There’s no halfway to sportsmanship
Published on July 10th, 2018
The Inland Lake Yachting Association (ILYA) launched the #FAIRSAILING Initiative for the 2018 season in an effort to emphasize sportsmanship on the water. The focus has been on improving rule knowledge, which has resulted in the development of online videos and a rules quiz.
The leadership exhibited in this effort is remarkable, and it is due to committed people like Candace Porter, past ILYA commodore and current editor of the ILYA publication Scowlines, who shares her thoughts here:
As the ILYA began this endeavor, I recalled the effort of Bill Bentsen in the massive simplification of the Racing Rules of Sailing back in the late 1990s. (This became known as the Experimental Right-of-Way Rules.) Representing US Sailing, Bill came to the ILYA as one of the larger Yacht Racing Associations in the country with then six classes of boats. He asked us to test the proposed rules.
This began as a major overhaul of sailing rules as we knew it. But there we were, the ILYA, learning the rules. I will list their objectives below as they are applicable to us as ILYA sailors as we travel our own path with the execution of the rules with this #FAIRSAILING endeavor.
As a member of the ILYA Board and then Commodore, I had the privilege of listening to Bill and Dick Rose. We ultimately invited Dick Rose out to our Winter Inland to speak. It was then I realized the importance of a set of rules that are not devised by local lakes or classes of boats but by internationally knowledgeable people who care to have consistency and fairness in our sport.
To sit in my formative years at the knee of Rose (who probably doesn’t even remember he spoke at that One Design Symposium) and to reside in a region with a resource such as Bentsen, shaped who I would become as an ILYA leader.
I am again re-invigorated with pride in who we are in the ILYA and how much we prize our skill and fair play but also with awe for these two men who really shaped the Racing Rules of Sailing. Now the younger crowd turns to Dave Dellenbaugh and Dave Perry who carry the baton in such an impassioned manner but also in a modern presentation format which makes you long for more.
And here we are today with a program that intends to help the ILYA build our clubs. We all see new residents moving on our lakes, intrigued by this sport of ours and wondering how to quickly get up to speed. Our simple, straightforward video presentation gets you there in a way we have not utilized before.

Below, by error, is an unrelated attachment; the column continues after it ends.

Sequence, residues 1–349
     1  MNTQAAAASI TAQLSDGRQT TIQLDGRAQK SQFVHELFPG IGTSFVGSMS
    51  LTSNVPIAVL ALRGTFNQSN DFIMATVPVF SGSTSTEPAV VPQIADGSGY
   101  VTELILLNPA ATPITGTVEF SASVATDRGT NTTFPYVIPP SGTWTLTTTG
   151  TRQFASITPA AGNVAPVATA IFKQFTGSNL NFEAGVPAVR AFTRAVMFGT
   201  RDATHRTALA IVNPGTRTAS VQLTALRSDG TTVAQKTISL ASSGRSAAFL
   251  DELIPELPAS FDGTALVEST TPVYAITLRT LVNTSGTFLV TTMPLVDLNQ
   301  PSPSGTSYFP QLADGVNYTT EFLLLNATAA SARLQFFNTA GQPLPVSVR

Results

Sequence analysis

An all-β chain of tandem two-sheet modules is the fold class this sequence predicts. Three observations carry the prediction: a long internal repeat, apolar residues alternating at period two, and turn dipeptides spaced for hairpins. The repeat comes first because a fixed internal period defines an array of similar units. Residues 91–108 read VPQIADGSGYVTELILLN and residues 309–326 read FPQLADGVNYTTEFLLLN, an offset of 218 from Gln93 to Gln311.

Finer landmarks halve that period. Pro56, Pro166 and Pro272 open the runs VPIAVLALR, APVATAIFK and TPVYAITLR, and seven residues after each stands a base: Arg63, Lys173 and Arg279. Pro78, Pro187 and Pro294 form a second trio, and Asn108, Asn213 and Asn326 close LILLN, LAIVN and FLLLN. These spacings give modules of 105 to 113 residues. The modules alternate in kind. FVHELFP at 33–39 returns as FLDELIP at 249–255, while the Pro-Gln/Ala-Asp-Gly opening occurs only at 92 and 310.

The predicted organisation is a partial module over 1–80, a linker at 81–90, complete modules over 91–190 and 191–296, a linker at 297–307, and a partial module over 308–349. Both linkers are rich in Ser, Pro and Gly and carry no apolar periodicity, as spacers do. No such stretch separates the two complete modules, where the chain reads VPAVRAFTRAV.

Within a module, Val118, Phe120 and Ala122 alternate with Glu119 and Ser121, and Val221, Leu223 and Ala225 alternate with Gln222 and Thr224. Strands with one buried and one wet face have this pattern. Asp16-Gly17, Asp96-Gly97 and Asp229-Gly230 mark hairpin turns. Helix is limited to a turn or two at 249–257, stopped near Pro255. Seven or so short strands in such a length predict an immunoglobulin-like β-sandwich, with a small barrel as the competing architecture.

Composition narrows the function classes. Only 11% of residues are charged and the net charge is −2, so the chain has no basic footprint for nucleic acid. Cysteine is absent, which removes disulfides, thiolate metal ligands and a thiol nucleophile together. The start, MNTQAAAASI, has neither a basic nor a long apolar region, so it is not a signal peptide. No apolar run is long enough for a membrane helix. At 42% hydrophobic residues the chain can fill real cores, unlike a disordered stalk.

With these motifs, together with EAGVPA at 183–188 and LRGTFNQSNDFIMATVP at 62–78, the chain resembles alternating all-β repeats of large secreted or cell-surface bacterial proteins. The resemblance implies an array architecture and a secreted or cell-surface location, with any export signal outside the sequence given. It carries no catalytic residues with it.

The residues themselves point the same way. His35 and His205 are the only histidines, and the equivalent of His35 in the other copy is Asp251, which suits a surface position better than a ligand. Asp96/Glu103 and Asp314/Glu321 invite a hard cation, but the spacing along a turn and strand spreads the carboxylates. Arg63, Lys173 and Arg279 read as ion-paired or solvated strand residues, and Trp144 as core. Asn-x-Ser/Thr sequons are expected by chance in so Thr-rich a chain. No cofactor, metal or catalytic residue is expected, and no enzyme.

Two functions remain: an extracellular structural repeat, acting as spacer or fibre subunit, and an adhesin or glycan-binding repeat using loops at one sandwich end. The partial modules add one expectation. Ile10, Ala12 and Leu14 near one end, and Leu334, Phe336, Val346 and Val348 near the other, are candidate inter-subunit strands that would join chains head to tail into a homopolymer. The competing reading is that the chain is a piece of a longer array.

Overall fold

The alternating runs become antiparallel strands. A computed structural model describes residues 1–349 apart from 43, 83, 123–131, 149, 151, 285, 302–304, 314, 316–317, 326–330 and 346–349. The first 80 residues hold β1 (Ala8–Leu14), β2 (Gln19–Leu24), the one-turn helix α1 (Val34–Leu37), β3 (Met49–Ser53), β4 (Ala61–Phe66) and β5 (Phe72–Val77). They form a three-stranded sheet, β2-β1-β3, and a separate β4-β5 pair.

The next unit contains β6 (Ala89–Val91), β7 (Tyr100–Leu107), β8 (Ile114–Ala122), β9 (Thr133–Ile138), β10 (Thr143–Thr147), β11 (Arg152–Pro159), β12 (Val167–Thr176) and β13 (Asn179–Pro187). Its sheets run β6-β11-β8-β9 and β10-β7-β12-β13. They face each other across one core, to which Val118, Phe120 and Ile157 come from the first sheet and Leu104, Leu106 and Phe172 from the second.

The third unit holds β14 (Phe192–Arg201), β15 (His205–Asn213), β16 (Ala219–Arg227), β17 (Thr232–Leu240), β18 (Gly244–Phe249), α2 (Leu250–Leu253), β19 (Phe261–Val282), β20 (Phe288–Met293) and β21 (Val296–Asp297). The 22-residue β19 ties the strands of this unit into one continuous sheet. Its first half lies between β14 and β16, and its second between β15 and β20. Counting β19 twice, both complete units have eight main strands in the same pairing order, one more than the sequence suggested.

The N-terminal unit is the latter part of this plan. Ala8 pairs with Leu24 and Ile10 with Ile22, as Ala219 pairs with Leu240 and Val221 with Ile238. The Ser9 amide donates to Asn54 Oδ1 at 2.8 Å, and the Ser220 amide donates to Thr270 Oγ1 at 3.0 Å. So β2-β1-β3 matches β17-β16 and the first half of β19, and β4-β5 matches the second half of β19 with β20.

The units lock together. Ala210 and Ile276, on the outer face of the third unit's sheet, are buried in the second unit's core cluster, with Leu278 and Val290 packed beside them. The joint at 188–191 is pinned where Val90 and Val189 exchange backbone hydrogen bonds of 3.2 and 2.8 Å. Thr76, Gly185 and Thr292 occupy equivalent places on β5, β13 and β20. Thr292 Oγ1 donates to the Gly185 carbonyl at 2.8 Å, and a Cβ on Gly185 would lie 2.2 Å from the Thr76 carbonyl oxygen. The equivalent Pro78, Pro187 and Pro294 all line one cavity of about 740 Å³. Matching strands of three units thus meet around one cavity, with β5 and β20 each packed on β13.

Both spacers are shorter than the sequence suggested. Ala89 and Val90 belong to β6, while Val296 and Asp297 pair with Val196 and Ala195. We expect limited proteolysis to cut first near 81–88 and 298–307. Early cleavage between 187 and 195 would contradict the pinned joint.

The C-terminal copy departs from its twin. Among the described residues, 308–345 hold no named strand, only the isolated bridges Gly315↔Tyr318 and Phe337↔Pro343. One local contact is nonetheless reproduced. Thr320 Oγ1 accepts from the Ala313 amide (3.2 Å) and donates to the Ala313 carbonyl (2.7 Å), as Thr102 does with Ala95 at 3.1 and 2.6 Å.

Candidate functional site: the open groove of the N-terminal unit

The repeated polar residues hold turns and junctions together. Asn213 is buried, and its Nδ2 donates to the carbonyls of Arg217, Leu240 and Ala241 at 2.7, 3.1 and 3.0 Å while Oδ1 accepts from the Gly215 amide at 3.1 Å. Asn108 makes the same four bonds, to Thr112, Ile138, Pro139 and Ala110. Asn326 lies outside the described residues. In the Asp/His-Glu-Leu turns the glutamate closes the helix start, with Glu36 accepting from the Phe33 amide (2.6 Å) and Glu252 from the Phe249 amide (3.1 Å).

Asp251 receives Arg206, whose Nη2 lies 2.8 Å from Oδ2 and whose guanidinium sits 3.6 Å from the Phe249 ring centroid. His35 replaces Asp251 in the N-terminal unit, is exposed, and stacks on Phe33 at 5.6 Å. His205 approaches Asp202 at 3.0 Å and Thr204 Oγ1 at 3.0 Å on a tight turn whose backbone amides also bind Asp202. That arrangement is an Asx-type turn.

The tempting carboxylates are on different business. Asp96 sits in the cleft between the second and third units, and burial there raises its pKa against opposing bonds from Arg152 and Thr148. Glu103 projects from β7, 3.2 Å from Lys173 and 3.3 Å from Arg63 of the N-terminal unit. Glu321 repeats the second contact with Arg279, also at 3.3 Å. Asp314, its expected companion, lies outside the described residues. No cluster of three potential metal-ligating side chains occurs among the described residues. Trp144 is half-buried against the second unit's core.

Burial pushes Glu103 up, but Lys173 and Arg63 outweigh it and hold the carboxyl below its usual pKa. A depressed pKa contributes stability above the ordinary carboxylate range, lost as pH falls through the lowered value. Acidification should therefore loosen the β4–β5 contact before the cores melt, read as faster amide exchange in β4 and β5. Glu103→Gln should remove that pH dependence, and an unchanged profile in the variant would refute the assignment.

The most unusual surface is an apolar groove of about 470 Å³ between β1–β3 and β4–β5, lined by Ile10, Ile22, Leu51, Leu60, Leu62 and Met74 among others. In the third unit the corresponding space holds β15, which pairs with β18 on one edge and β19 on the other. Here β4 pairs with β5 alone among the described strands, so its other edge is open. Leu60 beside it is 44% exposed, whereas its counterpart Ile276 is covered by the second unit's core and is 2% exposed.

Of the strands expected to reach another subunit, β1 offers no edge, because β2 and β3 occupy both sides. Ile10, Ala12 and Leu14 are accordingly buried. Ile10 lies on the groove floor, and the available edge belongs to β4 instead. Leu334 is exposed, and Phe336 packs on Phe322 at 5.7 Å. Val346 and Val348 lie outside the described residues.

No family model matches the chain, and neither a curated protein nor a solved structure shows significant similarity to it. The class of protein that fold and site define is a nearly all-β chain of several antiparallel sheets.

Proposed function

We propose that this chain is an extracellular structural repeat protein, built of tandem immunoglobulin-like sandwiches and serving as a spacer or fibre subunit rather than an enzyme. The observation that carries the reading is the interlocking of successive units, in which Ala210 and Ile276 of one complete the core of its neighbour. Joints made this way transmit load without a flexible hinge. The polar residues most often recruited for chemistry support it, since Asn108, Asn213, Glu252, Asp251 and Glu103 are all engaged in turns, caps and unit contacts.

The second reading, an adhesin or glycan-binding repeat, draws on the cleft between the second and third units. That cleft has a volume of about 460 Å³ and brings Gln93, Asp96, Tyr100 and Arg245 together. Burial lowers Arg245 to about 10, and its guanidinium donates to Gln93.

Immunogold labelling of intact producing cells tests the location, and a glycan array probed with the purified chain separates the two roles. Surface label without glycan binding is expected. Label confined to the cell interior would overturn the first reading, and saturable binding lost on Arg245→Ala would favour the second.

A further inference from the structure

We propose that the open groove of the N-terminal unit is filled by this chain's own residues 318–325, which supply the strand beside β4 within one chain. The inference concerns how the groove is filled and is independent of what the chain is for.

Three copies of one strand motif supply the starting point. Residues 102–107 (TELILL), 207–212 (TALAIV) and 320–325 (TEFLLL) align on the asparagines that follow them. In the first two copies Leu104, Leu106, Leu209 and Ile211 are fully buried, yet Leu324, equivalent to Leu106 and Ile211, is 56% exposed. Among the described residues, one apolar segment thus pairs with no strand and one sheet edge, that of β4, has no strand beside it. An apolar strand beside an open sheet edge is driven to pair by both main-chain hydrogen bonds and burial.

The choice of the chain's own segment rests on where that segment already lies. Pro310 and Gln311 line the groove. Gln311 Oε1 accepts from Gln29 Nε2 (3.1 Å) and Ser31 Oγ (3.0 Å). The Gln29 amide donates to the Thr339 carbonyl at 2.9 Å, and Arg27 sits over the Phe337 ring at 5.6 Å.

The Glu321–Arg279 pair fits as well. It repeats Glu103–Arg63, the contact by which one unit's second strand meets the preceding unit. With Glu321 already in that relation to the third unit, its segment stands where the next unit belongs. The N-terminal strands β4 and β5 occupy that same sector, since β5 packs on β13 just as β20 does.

We all struggle with differing skills of sailors on our race courses. We want the course to be fair for those at the top, fun for those who may never be that champion – we all want a fair playing field and what better way to achieve that than learning the basics to keep the local racing safe, competitive and consistent.
We see the competitive nature of sports today where, perhaps, winning at all costs is tempting. That’s not who we are – not by our natural Midwest upbringing, not in the sport we chose. But how do our children move from the “win” philosophy seen in today’s sports to fair sailing 100% of the time? There is no such thing as halfway.
We have always espoused a level of fairness here at home, heralded our heroes and told their tales of sportsmanship. We know what is important and celebrate the victories of the spirit and of character with higher regard than anything else. So this ILYA initiative encourages all that -sportsmanship, ethical play, inviting experiences which can be safe with a consistent playing field. It’s a rejuvenation of sorts. And an important one.
As Bill Bentsen noted in the January 1997 edition of Sailing World (with generous support from UK Sailmakers):
But first, a bit of history. The rules we have been using until now were originally conceived by Harold Vanderbilt. They have been modified in a piecemeal fashion after each of the last 10 Olympics. With each revision, the rules gradually became a bit longer, a bit more poorly organized. …ISAF challenged its Racing Rules Committee to write a much simpler set of rules by 1997. They were even willing to consider some changes in the “game” if that was needed to achieve simplicity.
The rules are designed to:
• Embody principles of fairness acceptable to most sailors,
• Discourage contact,
• Permit close maneuvering with a minimum of anxiety,
• Encourage sailing fast and discourage impeding others,
• Minimize exceptions and rules for unusual situations, and
• Use simple, familiar language.
So we in the ILYA are tapping into those words. We want to embody those principles of fairness above all. We want to welcome new sailors to our clubs and fleets by discouraging contact and sailing with a minimum of anxiety. Could there be anything faster than our flat-bottomed scows?
And we want our youth and elders to understand by a clear, simple and familiar method of presentation. So why this project? This is us, standing at the lead but, mostly, following where we have been led by men like Bill Bentsen.
Now, open that rulebook and look at the small number of pages that address how we sail on the water, pages 11-15. And those five pages determine the fun you have sailing with your fellow competitors and often friends. Is it ever too late or too often that we need to remind ourselves where we come from in our sailing and what shapes our style of racing?
If you happen to see Bill Bentsen this summer, thank him and thank him sincerely because he has shaped what you do on the water today. Or send him a note for his efforts some twenty years ago which we are teaching today. His vision along with truly a small group of the most dedicated, cerebral and precise men have given us guidelines that will last for many years to help us remain safe, consistent and sportsmanlike in this joy we pursue.